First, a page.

Fans of the Oklahoma Sooners have long been hearing his name since he was a highly-touted recruit as a senior in Patterson, Louisiana two years ago. A standout on both sides of the ball and a late addition to the recruiting class on National Signing Day, Mykel Jones arrived at Oklahoma in 2016 with the flashy tag of a national top-20 wide receiver according to Rivals.
Seeing the field in 12 games but failing to develop into a consistent contributor, Jones caught 13 passes for 106 yards as a freshman last season — 48 of those yards coming against Louisiana Monroe — but failed to come down with a single catch after the Baylor game on November 12. He was still a part of the rotation all season but didn’t break into the offense more than just a handful of snaps per game.
Jones recently discussed his suddenly expanding role in OU’s offense with The Oklahoman’s Ryan Aber following the heart-breaking injury suffered by walk-on redshirt junior Nick Basquine last week in practice. Jones conveyed that he’s though he’s deeply saddened by the injury to his friend and teammate, he’s ready to step up in Basquine’s absence — perhaps now with more motivation than ever.
The two players had grown especially close as they competed all last season for playing time at the same position and improved each other’s game in practice every day since then and through this offseason. But now in Basquine’s sudden and unfortunate absence, Jones, who has enjoyed a productive spring and summer, may finally find himself with the increased playing time and wiggle room he needs to truly shine in Oklahoma’s offense.
Newcomers Marquise Brown and Jeff Badet, along with walk-on Lee Morris and highly-touted freshmen Charleston Rambo and CeeDee Lamb, will likely also see more targets as a result of Basquine’s injury, but none of them outside of Badet have taken a single snap in major college football. Jones, on the other hand, has at least enough experience in the offense to come in confident and ready to contribute right away. First-year head coach Lincoln Riley and Heisman-hopeful quarterback Baker Mayfield sure hope so, as Basquine had quickly become a team and fan favorite through last season.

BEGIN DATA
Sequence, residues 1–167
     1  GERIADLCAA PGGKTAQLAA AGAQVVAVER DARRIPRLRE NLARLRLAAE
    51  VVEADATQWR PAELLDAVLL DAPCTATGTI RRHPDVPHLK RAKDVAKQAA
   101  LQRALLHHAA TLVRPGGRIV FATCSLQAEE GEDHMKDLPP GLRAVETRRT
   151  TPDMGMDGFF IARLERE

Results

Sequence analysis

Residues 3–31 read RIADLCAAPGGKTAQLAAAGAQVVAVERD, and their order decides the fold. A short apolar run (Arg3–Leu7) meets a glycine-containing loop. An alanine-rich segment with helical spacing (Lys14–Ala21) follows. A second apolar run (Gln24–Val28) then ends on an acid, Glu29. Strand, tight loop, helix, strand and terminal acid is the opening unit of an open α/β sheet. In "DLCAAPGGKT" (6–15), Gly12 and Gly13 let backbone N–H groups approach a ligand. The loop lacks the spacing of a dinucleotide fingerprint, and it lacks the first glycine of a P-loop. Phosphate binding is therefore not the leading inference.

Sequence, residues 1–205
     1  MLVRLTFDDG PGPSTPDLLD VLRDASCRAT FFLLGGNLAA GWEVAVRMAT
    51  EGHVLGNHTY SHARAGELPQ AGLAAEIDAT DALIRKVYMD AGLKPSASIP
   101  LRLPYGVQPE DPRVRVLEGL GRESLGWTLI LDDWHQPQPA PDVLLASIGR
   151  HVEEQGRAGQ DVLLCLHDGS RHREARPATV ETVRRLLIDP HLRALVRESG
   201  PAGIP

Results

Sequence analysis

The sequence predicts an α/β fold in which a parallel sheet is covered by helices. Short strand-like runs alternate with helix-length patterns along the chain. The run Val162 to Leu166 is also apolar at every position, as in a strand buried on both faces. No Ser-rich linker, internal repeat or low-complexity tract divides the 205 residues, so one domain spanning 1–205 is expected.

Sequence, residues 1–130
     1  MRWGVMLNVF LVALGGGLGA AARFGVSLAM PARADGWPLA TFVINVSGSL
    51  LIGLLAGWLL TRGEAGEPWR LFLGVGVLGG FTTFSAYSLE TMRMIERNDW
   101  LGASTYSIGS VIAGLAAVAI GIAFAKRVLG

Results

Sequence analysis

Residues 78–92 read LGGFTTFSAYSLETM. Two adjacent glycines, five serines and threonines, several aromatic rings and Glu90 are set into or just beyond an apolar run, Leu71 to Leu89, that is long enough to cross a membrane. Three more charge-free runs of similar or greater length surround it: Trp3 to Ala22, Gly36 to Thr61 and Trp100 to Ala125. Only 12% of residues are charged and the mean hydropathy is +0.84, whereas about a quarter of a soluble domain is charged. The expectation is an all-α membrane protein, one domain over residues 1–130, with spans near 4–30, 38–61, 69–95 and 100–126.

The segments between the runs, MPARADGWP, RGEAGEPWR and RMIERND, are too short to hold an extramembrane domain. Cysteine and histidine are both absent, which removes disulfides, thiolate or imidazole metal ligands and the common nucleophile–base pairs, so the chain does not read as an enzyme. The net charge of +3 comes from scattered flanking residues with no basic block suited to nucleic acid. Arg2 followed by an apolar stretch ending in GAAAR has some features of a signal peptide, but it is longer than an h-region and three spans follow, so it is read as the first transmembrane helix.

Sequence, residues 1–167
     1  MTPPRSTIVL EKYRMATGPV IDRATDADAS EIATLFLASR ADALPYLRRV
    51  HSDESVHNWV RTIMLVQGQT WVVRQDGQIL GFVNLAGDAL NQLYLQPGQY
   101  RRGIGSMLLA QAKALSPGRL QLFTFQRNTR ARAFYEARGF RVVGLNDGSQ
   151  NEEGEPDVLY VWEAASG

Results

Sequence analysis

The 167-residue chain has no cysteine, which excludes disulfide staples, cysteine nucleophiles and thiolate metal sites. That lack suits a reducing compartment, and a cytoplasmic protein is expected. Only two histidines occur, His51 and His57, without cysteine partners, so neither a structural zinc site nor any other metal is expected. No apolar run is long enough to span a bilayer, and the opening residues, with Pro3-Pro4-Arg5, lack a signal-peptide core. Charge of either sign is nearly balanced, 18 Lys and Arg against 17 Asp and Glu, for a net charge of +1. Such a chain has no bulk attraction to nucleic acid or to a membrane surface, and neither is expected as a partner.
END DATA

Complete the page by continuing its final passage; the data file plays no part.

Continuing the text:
But not many of us foresaw Dede Westbrook’s meteroric rise to the top of college football’s wide receiver ranks in 2017, as the 2016 Biletnikoff winner was largely overshadowed by former star Sterling Shepard the season before. Perhaps Jones, who is still only a sophomore, could also quickly grow into a similar or at least a highly effective weapon in the Sooners’ offense. At 5-11, 186 pounds, Jones possesses a similar build and skill set to Dede and should see the playing time and targets to begin showcasing his talents right away.
I don’t want to get ahead of myself here. The Sooners’ pass-catching core in 2017 appears to be a deep, capable committee full of explosive, promising prospects. But it’s no secret that it’s also alarmingly unproven and inexperienced. Basquine, a walk-on redshirt junior, was expected to step up as an elder statesman, but it is now Mykel Jones who returns as the second-leading pass catcher on OU’s roster behind tight end Mark Andrews.
It should be no surprise that Jones is ready and willing to accept the challenge, though. He seems poised, if not determined, to become Baker Mayfield most consistently counted-on weapon and knows the opportunity that’s in front of him. He can also be confident in the support of his positional coach, as OU assistant Cale Gundy had already been planning on deploying Jones often even with a healthy Basquine on roster.
If Mykel Jones’ play on the field is as grand as his heart and the growing expectations on his plate, then the Sooners’ may not have to wait long for the next signature pass-catcher to emerge at Oklahoma.